This morning, with temperatures barely out of the single digits, I felt called to the riverside. The river was beginning to freeze, and I was transfixed by the juxtaposition between parts that were frozen solid in place and parts that were still fluid and flowing.
More than a week ago, I shipped my camera off for repairs. My husband is letting me borrow his camera for the time being. It took a few days before I picked it up because, well, it’s not my camera. But I can’t resist photographing the river as it begins to freeze, so I headed outside with the less familiar camera.
I must have stood at the river’s edge for a good half-hour photographing, filming, and observing the freezing river. A few minutes into the first video, I noticed that a long chain of ice plates, stretched as far as I could see, had stopped flowing. Several minutes later, it began flowing again. A little closer to shore, there was buildup of the delicate ice plates and a sound that’s music to my ears, similar to a crackling fire as the moving ice plates came in contact with stationary masses.
I happened to be there at just the right time and filmed it all. It was amazing and extraordinary.
However, when I transferred the video to my computer, my expectations were quickly deflated. It turns out I had the camera on autofocus instead of manual focus, and the autofocus completely ruined the videos. Every few seconds, you could hear the sound of the camera refocusing, and the focus kept blurring and shifting around. Like autocorrect, autofocus doesn’t always get it right and sometimes gets it horribly wrong.
When I complained to my husband, he quipped, “Didn’t you talk about this in a photography class?”
Not what I wanted to hear in that moment. although he was right. In more than one class, I stressed the importance of taking a moment to pause and check your camera settings. Instead of jumping right in and allowing emotional excitement, or in this case cold weather, to distract you from drawing on your knowledge base.
Grrrrrrrrr. I did not pause to check the settings, and this was a basic one. It was another live-and-learn moment.
There are two things I’m quite certain I won’t do again, after learning the hard way in recent weeks:
- Make a nature video on that camera with autofocus on
- Begin a guided meditation on Zoom without first asking participants if they can hear me.
But I digress.
Jack’s comment, though irritating at first, helped me to see the humor, stop blaming the camera, and name what was present: frustration and disappointment.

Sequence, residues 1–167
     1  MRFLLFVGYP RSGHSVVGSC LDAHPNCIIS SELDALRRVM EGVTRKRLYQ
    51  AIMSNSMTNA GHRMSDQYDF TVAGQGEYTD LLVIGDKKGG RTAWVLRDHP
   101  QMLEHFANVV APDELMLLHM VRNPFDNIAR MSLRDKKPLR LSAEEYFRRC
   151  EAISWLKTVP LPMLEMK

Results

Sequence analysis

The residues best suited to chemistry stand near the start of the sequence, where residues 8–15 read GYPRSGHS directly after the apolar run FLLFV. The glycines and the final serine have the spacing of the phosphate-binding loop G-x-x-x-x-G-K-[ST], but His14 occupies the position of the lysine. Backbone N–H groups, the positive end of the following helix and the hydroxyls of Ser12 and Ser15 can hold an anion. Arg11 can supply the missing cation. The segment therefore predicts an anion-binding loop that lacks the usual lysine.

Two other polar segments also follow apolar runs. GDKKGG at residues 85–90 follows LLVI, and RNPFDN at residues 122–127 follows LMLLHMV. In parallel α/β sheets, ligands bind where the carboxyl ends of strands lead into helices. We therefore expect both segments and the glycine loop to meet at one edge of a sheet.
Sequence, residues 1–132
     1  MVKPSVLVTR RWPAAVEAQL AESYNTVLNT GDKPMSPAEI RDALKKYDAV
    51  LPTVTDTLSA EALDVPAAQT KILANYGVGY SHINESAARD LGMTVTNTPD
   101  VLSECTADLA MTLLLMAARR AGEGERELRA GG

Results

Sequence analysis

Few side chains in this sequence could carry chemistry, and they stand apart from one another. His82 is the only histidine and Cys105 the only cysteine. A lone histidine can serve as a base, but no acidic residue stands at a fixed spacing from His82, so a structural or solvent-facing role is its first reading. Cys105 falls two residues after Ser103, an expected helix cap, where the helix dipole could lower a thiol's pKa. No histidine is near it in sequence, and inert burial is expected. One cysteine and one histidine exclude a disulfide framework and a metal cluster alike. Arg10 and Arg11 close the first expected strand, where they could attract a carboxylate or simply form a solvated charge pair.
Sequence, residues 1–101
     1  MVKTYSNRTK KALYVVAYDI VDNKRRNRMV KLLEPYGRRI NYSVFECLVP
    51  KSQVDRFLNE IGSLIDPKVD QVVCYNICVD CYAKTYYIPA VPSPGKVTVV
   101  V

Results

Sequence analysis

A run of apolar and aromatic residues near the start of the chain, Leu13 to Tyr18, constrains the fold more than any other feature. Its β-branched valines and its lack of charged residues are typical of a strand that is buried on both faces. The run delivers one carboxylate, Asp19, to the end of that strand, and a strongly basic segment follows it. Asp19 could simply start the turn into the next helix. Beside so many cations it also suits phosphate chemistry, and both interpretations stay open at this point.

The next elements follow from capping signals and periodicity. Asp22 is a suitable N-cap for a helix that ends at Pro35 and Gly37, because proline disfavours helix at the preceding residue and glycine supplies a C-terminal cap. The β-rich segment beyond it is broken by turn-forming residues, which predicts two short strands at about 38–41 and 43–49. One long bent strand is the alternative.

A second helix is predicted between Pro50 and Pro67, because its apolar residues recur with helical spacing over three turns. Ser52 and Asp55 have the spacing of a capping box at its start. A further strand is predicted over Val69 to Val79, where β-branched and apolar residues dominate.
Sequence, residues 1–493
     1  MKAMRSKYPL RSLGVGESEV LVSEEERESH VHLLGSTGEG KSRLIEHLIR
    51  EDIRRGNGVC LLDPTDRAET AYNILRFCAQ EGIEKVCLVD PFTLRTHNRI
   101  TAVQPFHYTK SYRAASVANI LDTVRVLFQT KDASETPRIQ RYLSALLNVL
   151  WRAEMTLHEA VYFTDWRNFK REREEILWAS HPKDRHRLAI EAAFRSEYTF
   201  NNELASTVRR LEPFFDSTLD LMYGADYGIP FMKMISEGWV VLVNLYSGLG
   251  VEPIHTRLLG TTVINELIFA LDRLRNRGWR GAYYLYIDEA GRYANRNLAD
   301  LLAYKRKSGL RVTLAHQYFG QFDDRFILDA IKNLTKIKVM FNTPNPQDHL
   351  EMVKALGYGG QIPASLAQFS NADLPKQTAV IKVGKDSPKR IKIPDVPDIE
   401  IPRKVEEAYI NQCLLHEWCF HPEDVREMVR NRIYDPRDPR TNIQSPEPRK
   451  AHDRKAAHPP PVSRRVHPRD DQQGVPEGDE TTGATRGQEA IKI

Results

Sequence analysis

It’s kind of magical when you name your feelings. It puts some space around them so you’re not completely identified with or overcome by them. Instead, you can be in relationship with them.
The space allows another voice to come through. A voice that says: I will try again throughout the day or tomorrow morning. At least I don’t have to drive far for this. It’s right in front of my house.
However, I noticed the uncomfortable, physical energy of disappointment was still present in my body.
That’s when I remembered what was going through my mind as I watched the freezing river flow. Right there in the moment, the sight brought to mind the importance of letting feelings flow. Let it flow, let it go were the exact words that came to mind.
I recalled how surprised I was when the long chain of ice plates came to a standstill. I hoped they would start moving again. When they did start moving several minutes later, I felt a sense of relief. I also recalled that it was more satisfying to witness the flowing parts of the river than the ones that were frozen solid and not moving.
Like emotions themselves, impressions you receive from nature can be data about your state of being. Like looking into a mirror. Outer nature reflects inner nature, as inner nature is drawn to certain details in outer nature.
I allowed my body to move as it wanted, to move the emotional energy along, like the ice parade flowing along the river. It seemed to help.
So no, I did not make a satisfying video this morning. They were all duds, thanks to autofocus being on. Maybe I’ll have another chance tomorrow morning. Maybe I won’t. (As the sun sets this evening, the river appears significantly more frozen than it was this morning, so I’m not feeling hopeful.) But nature revealed something useful to me this morning, for which I feel grateful.
I was there at the moment the flow stopped and when it started again. I witnessed it and found meaning in it. The video didn’t come out as anticipated, but I received something of value from simply being there and observing it.
Even if I hadn’t walked away with a reminder to let emotions flow rather than get stuck, simply being on the riverside taking in the remarkable sight and sound would have been enough. A moment of pausing and being present.
Another message I received from being outdoors this morning:
There is beauty in the world. Get away from your screens, and go outside. The beauty you seek is seeking you. Go find it.
And so I went back to the river’s edge and took a few more pictures with the unfamiliar camera. After first checking and adjusting the settings, of course.
Because: live and learn.
© 2022 Susan Meyer. All rights reserved. You are welcome to share this post or excerpts of it as long as you give proper credit to Susan Meyer and SusanTaraMeyer.com. Susan Meyer is a photographer, writer, and spiritual teacher who lives on the Hudson River in Upstate New York.